• Better monitoring of nuclear power plants, nuclear proliferation

    The United Kingdom is investing nearly £10 million (about $12.7 million) in a joint project with the United States to harness existing particle physics research techniques to remotely monitor nuclear reactors. Expected to be operational in 2024, the Advanced Instrumentation Testbed (AIT) project’s 6,500-ton detector will measure the harmless subatomic particles called antineutrinos that are emitted by an existing nuclear power plant 25 kilometers, or about 15.5 miles, away.

  • The opening moments of the Chernobyl disaster: New theory

    A brand-new theory of the opening moments during the Chernobyl disaster, the most severe nuclear accident in history, based on additional analysis. The new theory suggests the first of the two explosions reported by eyewitnesses was a nuclear and not a steam explosion, as is currently widely thought.

  • NRC weakens a critical safety regulation, ignoring Fukushima disaster lessons

    The Nuclear Regulatory Commission’s (NRC), in a 3-2 vote, approved a stripped-down version of a rule originally intended to protect U.S. nuclear plants against extreme natural events, such as the massive earthquake and tsunami that triggered meltdowns at the Fukushima Daiichi nuclear plant in Japan in March 2011. The decision will leave U.S. nuclear plants dangerously vulnerable to major floods and earthquakes.

  • Robots to operate in nuclear no-go zones

    Sturdy, intelligent robots which react to their surroundings are being developed to work in situations which are too dangerous for humans, such as cleaning up Europe’s decades-old radioactive waste or helping during a nuclear emergency.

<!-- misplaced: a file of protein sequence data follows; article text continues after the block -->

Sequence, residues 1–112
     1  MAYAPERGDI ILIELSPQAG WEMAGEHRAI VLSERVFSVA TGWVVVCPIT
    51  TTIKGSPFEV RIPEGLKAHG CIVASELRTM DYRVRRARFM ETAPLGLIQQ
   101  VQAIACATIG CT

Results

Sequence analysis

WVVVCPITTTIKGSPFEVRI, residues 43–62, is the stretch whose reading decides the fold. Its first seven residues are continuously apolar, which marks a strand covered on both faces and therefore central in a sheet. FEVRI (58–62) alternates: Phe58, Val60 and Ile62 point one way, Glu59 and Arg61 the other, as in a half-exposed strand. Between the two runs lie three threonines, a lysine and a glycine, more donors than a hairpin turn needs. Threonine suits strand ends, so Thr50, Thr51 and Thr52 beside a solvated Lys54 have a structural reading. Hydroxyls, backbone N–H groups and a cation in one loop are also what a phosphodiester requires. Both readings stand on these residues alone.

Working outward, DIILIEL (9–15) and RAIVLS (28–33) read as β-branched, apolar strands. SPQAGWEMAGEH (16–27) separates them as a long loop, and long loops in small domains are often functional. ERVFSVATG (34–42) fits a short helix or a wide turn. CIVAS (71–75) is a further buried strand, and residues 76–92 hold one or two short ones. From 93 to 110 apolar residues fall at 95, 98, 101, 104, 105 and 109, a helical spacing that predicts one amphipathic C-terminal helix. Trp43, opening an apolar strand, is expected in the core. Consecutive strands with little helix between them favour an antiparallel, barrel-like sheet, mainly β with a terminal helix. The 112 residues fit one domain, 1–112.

• U.S. must start from scratch with a new nuclear waste strategy: Experts

    The U.S. government has worked for decades and spent tens of billions of dollars in search of a permanent resting place for the nation’s nuclear waste. Some 80,000 tons of highly radioactive spent fuel from commercial nuclear power plants and millions of gallons of high-level nuclear waste from defense programs are stored in pools, dry casks and large tanks at more than seventy-five sites throughout the country. “No single group, institution or governmental organization is incentivized to find a solution,” says one expert.

  • What should we do with nuclear waste?

    The failure to develop a strategy for permanent storage and disposal of this fuel costs Americans billions of dollars a year and jeopardizes the future of nuclear power as a carbon-free source of energy, according to nuclear security expert Rodney C. Ewing. He recommends a new not for profit independent corporation that’s owned and supported by the utilities that operate nuclear power plants. The new organization would deal only with spent fuel from commercial reactors. Defense waste is an entirely different issue and should, at this time, remain the responsibility of the federal government.

  • Responders provide technical expertise in case of nuclear weapons accidents

    Decades ago, technical experts from the national labs responded in an ad hoc manner to accidents involving nuclear weapons, called “broken arrows.” Thirty-two such accidents have occurred since the 1950s, so the Accident Response Group at Sandia Lab was created about five decades ago to provide technical expertise in assessing and safely resolving nuclear weapons accidents.

  • France sued for “crimes against humanity” South Pacific nuclear tests

    French Polynesia is taking France to the International Criminal Court (ICC) for carrying out nuclear weapons tests in French Polynesia, a Polynesian opposition leader said on Tuesday. France carried out 193 nuclear weapons tests on islands in the archipelago between 1960 and 1996 until French President Jacques Chirac ended nuclear testing.